The city of Columbus, Ohio, has filed a complaint against a Nebraska-based corporation that owns 11 properties in the area. Alleging the corporation is a shield to protect the real estate investors who own the properties from liability, the Columbus city attorney filed a case against three corporations and two local real estate agents. The case accuses the companies and agents of participating in neglect that has caused the properties to become a blight on the local area.
“Their nuisance properties increase the city’s police, fire, health, emergency, and abatement costs while at the same time depreciating the property values of the surrounding area,” assistant city attorney Katarina Karac said in a news release.
The investors were able to acquire the 11 properties as part of a bundle of foreclosed properties. Those foreclosures occurred as a result of unpaid property taxes. These types of properties can come into investors’ hands with a host of problems including:
- Outstanding code violations
- Delinquent taxes
- Delinquent utility payments
- Special assessment fees
- Neglected maintenance and repair work
- Weather damage
The most notable issue of neglect, the city contends, is one property where a wall collapsed as a result of water damage. A lawyer for the defendants has agreed the companies will secure the damaged property and present a plan to fix it. This is a particularly serious issue because it is part of a row of houses and people live in the adjacent properties. City of Columbus attorneys want to prevent the investors from acquiring more tax lien certificates or buying other properties until all 11 properties are brought into compliance. “They seem to take advantage of a good government program,” said city attorney Zach Klein.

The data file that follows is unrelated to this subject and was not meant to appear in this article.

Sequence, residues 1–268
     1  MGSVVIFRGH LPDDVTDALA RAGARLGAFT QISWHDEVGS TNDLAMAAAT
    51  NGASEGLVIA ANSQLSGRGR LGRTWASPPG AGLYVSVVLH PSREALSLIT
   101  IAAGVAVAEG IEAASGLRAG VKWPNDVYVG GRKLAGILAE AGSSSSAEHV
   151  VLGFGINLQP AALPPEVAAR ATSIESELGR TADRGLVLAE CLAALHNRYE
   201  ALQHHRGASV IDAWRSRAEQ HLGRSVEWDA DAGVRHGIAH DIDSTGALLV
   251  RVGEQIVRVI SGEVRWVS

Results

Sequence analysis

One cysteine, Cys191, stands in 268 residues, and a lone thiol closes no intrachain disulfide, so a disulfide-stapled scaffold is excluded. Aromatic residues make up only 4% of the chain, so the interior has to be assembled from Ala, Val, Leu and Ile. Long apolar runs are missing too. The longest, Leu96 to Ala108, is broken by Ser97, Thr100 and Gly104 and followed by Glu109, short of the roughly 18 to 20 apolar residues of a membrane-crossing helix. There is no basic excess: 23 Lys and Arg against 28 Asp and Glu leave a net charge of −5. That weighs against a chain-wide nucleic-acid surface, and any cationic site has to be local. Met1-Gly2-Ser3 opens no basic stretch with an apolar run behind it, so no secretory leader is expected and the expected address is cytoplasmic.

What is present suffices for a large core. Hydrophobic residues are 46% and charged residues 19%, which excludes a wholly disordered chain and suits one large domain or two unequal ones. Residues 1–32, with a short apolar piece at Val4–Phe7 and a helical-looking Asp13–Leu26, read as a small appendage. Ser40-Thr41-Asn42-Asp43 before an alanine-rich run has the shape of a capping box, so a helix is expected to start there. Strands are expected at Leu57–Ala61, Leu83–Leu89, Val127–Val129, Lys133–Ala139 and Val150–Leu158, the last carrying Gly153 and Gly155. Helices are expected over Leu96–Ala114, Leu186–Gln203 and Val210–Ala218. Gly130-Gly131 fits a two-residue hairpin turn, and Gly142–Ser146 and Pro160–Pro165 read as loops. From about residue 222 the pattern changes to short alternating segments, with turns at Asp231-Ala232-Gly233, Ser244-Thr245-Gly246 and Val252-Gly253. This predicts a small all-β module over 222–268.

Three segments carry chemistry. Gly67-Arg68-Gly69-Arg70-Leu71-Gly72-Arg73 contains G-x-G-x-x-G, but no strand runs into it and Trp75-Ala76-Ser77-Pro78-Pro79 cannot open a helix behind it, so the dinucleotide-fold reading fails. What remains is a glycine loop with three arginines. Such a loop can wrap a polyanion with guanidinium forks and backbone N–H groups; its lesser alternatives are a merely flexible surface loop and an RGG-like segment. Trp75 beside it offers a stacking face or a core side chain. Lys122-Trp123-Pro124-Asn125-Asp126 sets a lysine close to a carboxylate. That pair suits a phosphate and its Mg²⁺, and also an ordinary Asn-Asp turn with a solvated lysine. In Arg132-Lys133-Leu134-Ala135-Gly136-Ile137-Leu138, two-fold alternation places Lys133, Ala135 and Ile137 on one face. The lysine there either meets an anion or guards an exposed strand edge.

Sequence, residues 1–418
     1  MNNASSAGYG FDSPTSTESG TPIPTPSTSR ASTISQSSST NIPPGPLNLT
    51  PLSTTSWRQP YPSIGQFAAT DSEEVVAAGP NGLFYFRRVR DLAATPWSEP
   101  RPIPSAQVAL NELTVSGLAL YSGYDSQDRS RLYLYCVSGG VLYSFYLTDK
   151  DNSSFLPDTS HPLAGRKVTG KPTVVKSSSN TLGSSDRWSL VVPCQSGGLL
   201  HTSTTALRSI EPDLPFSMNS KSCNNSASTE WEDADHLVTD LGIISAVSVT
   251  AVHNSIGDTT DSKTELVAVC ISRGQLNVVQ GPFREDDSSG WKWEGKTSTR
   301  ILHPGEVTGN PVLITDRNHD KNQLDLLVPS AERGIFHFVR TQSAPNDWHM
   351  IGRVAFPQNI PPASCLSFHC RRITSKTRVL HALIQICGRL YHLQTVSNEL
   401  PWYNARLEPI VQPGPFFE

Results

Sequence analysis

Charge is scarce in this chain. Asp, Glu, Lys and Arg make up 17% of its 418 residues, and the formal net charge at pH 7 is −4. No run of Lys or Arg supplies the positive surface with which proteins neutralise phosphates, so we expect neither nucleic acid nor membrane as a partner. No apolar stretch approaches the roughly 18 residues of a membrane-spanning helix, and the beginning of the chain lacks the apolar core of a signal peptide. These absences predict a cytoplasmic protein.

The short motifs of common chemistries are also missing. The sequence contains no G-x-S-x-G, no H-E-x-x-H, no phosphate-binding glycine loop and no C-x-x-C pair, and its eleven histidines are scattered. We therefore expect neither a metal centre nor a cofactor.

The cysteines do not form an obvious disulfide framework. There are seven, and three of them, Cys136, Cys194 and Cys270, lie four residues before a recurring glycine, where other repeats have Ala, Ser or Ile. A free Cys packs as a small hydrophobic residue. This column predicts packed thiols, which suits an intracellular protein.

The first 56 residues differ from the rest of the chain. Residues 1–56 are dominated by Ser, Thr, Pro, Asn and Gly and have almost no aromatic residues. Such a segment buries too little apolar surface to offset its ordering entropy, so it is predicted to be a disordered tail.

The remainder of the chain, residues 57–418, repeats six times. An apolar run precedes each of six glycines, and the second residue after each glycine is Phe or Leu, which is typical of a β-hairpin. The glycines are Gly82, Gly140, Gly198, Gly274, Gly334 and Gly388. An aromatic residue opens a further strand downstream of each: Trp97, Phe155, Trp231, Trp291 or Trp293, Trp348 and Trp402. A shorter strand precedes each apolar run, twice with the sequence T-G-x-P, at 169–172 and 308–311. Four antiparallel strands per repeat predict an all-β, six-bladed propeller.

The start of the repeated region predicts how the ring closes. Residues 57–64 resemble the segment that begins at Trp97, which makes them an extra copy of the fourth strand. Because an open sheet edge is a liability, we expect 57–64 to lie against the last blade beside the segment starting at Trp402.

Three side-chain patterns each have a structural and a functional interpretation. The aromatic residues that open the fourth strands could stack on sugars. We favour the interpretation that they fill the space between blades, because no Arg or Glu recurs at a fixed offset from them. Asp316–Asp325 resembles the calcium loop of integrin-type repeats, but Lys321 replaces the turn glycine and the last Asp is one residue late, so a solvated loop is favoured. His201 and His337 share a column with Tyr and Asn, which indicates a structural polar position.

In Fall 2017, Columbus succeeded in compelling a California investor to sell a portfolio of about 40 properties after filing code enforcement violations against more than half of them.